After announcing a revolutionary new water ride for 2018 and its intent to eventually make as many as five on-site hotels, SeaWorld Entertainment today added one more big revelation to the pile: it’s going to add a brand-new themed land to SeaWorld Orlando, as well.
SeaWorld has had a 37-year partnership with Sesame Workshop, the creators of the even-longer-running Sesame Street, that has seen the show’s characters be integrated into its various parks, with the SeaWorld and Busch Gardens locations in San Diego and San Antonio even brandishing entire Sesame Street lands. Now, SeaWorld Orlando will be getting in on the action, with Sesame replacing Shamu’s Happy Harbor, a children’s area that has – what else? – a collection of kiddie rides and water features. The new land is expected to be completed by fall 2022.
Perhaps an even bigger revelation, however, is the news that a second theme park devoted just to Sesame Street is also in the works. The original Sesame Place opened in 1980, is just 14 acres in size, and sits in the outskirts of Philadelphia, Pennsylvania; while the new location has yet to be determined, there exists the possibility that SeaWorld Entertainment will attempt to add to its still-fledgling Orlando empire by having Sesame Place be installed here, next to Discovery Cove, Aquatica, and, of course, SeaWorld Orlando (what better way to ensure the creation of all those on-site resorts?). Wherever it ultimately ends up, the two companies announced that the new park will open no later than summer 2021 – a year before Sesame Street Land in Orlando arrives.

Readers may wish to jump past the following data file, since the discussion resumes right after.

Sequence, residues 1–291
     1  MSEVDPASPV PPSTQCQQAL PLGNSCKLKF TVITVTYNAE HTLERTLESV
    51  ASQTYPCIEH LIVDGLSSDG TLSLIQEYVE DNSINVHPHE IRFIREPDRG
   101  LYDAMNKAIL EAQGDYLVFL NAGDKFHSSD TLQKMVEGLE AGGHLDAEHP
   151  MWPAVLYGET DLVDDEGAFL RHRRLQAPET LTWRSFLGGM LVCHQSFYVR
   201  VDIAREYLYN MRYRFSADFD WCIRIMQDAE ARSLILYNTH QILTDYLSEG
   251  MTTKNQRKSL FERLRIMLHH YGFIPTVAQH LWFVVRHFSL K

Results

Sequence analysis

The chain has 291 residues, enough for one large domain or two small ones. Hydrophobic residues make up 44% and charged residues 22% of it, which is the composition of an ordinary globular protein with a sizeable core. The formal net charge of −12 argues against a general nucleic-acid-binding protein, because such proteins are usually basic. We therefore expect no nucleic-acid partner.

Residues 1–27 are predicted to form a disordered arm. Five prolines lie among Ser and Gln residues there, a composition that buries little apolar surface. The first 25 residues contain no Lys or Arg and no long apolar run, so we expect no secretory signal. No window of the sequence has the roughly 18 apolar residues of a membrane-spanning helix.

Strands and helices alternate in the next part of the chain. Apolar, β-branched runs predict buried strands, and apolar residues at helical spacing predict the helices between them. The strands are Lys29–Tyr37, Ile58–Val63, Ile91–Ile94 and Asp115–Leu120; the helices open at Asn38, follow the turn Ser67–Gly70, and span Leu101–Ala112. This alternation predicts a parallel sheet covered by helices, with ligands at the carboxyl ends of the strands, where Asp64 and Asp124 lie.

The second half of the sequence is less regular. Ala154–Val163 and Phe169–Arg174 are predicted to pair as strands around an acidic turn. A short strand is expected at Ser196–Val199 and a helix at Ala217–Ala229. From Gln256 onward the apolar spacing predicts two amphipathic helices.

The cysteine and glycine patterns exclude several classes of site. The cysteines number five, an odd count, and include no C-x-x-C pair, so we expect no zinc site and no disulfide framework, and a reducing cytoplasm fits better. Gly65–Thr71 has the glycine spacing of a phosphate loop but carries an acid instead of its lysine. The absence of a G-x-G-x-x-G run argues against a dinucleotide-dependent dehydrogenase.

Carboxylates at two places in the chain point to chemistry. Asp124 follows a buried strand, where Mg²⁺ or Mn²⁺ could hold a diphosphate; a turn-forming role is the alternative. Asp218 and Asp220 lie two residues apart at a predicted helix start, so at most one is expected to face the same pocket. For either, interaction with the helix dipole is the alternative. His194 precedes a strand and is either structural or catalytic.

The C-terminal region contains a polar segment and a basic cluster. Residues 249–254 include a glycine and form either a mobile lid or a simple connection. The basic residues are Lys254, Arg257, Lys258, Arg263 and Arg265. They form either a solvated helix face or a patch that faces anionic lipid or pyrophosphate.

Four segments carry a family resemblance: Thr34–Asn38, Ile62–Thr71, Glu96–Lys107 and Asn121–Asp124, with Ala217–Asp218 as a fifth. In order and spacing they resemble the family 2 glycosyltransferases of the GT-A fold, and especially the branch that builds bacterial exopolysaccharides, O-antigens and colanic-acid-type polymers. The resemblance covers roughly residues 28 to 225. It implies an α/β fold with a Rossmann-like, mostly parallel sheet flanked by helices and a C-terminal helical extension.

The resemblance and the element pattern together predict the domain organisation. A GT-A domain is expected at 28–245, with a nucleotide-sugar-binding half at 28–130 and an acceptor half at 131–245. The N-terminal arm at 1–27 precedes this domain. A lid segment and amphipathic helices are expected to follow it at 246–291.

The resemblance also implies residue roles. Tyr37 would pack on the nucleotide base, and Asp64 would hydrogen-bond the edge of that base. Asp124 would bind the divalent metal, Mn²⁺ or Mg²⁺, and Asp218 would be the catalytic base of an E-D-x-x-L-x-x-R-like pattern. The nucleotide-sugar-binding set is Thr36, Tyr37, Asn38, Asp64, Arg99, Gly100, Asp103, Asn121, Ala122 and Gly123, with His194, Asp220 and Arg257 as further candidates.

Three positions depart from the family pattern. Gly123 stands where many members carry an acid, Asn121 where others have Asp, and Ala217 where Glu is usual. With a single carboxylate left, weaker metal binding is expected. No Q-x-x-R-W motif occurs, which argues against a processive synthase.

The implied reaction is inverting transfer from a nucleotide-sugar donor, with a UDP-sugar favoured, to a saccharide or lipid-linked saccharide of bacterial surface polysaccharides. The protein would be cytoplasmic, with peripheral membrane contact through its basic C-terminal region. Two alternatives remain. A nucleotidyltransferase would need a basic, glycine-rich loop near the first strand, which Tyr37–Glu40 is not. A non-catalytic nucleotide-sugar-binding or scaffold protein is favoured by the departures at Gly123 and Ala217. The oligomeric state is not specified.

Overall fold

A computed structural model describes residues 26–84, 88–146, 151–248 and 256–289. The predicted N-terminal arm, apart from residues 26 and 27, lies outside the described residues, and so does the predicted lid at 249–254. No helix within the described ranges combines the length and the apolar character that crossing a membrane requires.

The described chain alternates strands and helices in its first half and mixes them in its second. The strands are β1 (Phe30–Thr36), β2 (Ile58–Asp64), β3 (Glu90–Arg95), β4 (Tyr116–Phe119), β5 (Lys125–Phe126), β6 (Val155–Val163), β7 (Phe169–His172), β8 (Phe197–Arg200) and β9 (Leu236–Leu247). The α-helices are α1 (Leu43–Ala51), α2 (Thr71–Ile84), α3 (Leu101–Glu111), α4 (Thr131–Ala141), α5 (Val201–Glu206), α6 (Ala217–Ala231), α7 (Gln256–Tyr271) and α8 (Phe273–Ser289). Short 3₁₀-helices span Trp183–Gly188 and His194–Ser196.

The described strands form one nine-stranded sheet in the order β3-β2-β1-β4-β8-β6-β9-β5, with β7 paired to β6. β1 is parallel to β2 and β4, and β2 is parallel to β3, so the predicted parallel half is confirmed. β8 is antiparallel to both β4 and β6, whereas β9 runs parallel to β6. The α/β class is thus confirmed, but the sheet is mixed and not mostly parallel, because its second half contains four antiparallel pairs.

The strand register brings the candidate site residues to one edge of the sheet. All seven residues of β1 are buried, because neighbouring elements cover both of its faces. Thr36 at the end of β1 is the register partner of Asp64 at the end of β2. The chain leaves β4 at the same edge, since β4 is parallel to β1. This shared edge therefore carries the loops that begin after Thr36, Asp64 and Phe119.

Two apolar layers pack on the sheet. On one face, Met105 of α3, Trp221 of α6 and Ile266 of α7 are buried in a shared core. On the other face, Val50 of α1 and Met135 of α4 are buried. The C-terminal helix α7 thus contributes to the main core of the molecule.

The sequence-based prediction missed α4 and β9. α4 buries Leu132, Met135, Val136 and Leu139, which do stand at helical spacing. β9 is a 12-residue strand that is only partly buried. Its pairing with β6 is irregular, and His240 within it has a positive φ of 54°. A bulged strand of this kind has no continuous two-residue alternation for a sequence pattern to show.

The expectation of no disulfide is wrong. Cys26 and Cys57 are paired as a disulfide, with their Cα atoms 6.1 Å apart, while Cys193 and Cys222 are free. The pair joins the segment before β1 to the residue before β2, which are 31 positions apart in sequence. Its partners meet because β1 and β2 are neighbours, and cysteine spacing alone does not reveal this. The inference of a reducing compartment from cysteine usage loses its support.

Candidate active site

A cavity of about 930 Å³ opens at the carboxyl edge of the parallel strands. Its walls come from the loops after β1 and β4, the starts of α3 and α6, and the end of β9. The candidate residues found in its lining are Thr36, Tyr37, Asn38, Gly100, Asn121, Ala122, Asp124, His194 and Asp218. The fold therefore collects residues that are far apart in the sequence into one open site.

(And even if the second Sesame Place doesn’t wind up in Central Florida, there’s always the possibility that the third one will – Sesame Workshop and SeaWorld have said that their new arrangement will allow for some serious expansion, potentially all across the country.)
SeaWorld Orlando is in the midst of a tight restructuring, with all of its new attractions this year adhering to a strict guideline of attempting to do more with less resources – hence the added story and visuals of Kraken’s VR upgrade, for instance. The injection of Sesame Street into the area could potentially fit into this profile, with all of Shamu’s Happy Harbor attractions just getting a facelift to fit the new theme (a scenario which isn’t inherently bad; Universal did much of the same thing when it brought the first Wizarding World of Harry Potter to Islands of Adventure in 2010, after all). Whether SeaWorld Entertainment opts for this path or goes the route of completely building the new land from scratch, the presence of such a hallowed intellectual property is obviously meant to secure its footing with the city’s countless international tourists – and to be the company’s answer to Universal’s Boy Wizard or Disney’s upcoming Avatar and Star Wars Lands.
And who knows? Such a move could even, just perhaps, point to an entirely different type of future for SeaWorld now that its killer whale-focused identity has been discarded.
The new licensing agreement allows SeaWorld to retain the theme park rights to Sesame Street until December 2031.